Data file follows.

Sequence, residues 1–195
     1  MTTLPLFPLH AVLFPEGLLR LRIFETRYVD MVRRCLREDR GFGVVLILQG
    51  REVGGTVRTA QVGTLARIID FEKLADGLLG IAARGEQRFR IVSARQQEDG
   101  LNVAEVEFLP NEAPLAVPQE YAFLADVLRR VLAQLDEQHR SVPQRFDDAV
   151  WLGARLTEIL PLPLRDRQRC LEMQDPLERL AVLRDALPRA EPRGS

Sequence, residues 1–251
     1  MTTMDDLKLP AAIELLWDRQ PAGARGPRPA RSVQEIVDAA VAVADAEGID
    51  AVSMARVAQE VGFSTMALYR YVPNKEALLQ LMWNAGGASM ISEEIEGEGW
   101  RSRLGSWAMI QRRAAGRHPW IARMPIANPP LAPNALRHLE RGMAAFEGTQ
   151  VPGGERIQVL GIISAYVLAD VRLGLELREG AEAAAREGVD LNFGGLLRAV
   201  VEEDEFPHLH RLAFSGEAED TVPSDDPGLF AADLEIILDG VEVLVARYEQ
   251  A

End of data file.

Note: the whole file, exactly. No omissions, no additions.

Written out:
Sequence, residues 1–195
     1  MTTLPLFPLH AVLFPEGLLR LRIFETRYVD MVRRCLREDR GFGVVLILQG
    51  REVGGTVRTA QVGTLARIID FEKLADGLLG IAARGEQRFR IVSARQQEDG
   101  LNVAEVEFLP NEAPLAVPQE YAFLADVLRR VLAQLDEQHR SVPQRFDDAV
   151  WLGARLTEIL PLPLRDRQRC LEMQDPLERL AVLRDALPRA EPRGS

Sequence, residues 1–251
     1  MTTMDDLKLP AAIELLWDRQ PAGARGPRPA RSVQEIVDAA VAVADAEGID
    51  AVSMARVAQE VGFSTMALYR YVPNKEALLQ LMWNAGGASM ISEEIEGEGW
   101  RSRLGSWAMI QRRAAGRHPW IARMPIANPP LAPNALRHLE RGMAAFEGTQ
   151  VPGGERIQVL GIISAYVLAD VRLGLELREG AEAAAREGVD LNFGGLLRAV
   201  VEEDEFPHLH RLAFSGEAED TVPSDDPGLF AADLEIILDG VEVLVARYEQ
   251  A